We did get up to Mukilteo (about 9 hours late for the start) and caught the ferry to ride some of our favorite roads on south Whidbey. A GORGEOUS day out on beautiful rolling roads. We got back to the mainland in time to see the fastest riders finishing up the brevet. Sad not to be among them (although I wouldn't have been among them anyway - I would still have been at least 3 hours out from the finish) but happy to have had a nice ride with my hardworking man.

It would have been nice to gain the confidence from the 300k to help me out mentally with the upcoming 24-hour Fleche (380km) in two weeks but what can you do? Just a tad worried that one of my Fleche teammates - Ward - was there with the extra fast boys on Saturday. He did claim that the Fleche is an entirely different animal so hopefully he and my other teammates will have all the patience they will need to drag along the Amy Anchor.

Monday, 23 March 2009

PBP Memories

I was looking at some of the pictures from PBP07 this morning and it brought back so many memories of that year and of the year I did it in 2003. I plucked a few of the pics that seemed to demonstrate the highs, lows, and in betweens of riding 1200 km in 90 hours or less.

Arriving in France is so great.













Here is the SIR gang the day before start day full of anticipation and nervous energy.









And then the real start line.








Many highs, high fives, and smiles.















































































And a few lows: Shermers neck and examples of carnage (carnage with energy bar wrapper, carnage by road signs, cafeteria carnage).















































And finally the triumphant (?) finish!













The agony and the ecstasy. It is a strange sport.

Sunday, 22 March 2009

Broken Bones & Bikes


My hubby Robin broke his collar bone and fractured both wrists about 5 weeks ago from crashing on his bike. Just a couple of weeks after that my good buddy and sometime tandem partner, Peter, crashed his bike in CA and broke his scapula.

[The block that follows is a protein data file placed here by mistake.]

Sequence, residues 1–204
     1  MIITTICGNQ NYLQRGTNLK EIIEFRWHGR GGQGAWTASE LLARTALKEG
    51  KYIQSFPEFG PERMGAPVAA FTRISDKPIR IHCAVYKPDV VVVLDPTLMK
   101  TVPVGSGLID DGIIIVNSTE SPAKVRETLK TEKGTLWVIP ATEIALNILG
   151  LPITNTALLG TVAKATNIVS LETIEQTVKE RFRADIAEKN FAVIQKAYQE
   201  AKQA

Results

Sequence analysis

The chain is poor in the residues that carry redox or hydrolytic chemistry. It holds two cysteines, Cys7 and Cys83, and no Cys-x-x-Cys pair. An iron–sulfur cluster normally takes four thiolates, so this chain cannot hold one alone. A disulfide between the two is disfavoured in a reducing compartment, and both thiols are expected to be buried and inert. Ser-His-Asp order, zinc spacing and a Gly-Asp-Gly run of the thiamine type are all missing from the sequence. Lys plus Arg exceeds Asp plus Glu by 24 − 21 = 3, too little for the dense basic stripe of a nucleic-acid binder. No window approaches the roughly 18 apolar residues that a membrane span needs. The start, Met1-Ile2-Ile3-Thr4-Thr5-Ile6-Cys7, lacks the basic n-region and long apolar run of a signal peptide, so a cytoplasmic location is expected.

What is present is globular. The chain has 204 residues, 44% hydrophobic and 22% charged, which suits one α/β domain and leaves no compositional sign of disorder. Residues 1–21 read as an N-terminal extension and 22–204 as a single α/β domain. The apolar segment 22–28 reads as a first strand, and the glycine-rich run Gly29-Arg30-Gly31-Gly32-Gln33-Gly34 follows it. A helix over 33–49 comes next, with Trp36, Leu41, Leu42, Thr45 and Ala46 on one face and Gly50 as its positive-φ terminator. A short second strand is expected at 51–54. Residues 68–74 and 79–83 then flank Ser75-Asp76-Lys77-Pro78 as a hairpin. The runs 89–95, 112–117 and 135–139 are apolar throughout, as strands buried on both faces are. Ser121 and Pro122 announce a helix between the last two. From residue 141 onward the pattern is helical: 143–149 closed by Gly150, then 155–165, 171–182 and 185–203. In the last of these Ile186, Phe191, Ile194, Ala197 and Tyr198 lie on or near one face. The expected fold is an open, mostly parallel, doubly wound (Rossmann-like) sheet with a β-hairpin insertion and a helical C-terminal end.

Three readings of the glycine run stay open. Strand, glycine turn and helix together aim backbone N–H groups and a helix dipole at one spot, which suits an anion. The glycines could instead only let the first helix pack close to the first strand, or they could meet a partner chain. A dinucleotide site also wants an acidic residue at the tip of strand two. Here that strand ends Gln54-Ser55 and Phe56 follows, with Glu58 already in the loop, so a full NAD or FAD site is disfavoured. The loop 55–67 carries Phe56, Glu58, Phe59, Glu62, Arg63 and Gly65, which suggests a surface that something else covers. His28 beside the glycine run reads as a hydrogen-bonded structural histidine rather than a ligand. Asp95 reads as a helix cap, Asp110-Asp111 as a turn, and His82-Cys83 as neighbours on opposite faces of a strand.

After Mark R broke his pelvis last year from a bike crash I began to mentally compile a list of bones that ARE NOT SUPPOSED TO BE BROKEN. You know, fingers, maybe an arm, or the frequently broken clavicle are not such a big deal (although I have never broken a bone, knock on wood, so am no expert) but there are those bones that are integral to the structure of the human frame that really ought not to be broken. Pelvis, skull, scapula, femur - those just really need to remain intact. I actually cringe when I hear that someone has broken one of those. Just goes to reinforce my motto on each ride - keep the rubber side down.

Back to my friend Peter. He is a very enthusiastic rider, loves to ride, has a great positive attitude, and is a big powerful guy. Two days before SIR's season starter 200k ride Peter emailed me to see if I would captain him on the tandem. I asked if he had clearance from his wife, Anita, and from his doctor. Without really answering the question he steamrolled the process and next thing I knew we were set to ride together. I hadn't captained the tandem for nearly a year and was VERY rusty. Combined with Peter's weight (all muscle Peter!) and my lack of recent experience I was doing a lot of oversteering and manhandling of the bike. Peter did confess that he hadn't consulted his doc about doing the ride and that Anita, while not forbidding it also did not give her blessing. So I got to add not just a little bit of trepidation about dumping my broken friend or just hurting him further by covering 200k of a pretty challenging bike course.

The weather was GREAT! After a winter of WAY too much snow and COLD we actually saw evidence of spring after the fog cleared. Sun and temps up to 50 degrees added to my stoker's sunny attitude to make even the tough parts of the ride fun. The last few climbs to Greg's house near the finish were looming large in our minds but we handled 218th better than expected (no walking!) and the hill on 240th passed quickly as we spent the time gossiping about our rando friends (what happens on the tandem stays on the tandem - right Peter).

No bravado here though, I was definitely wasted but pleased with our day. Always a pleasure to ride with Peter and all the other randos with terrific support and a great finish line chili feed at the Cox house. Not quite ready to think about 300k in two weeks...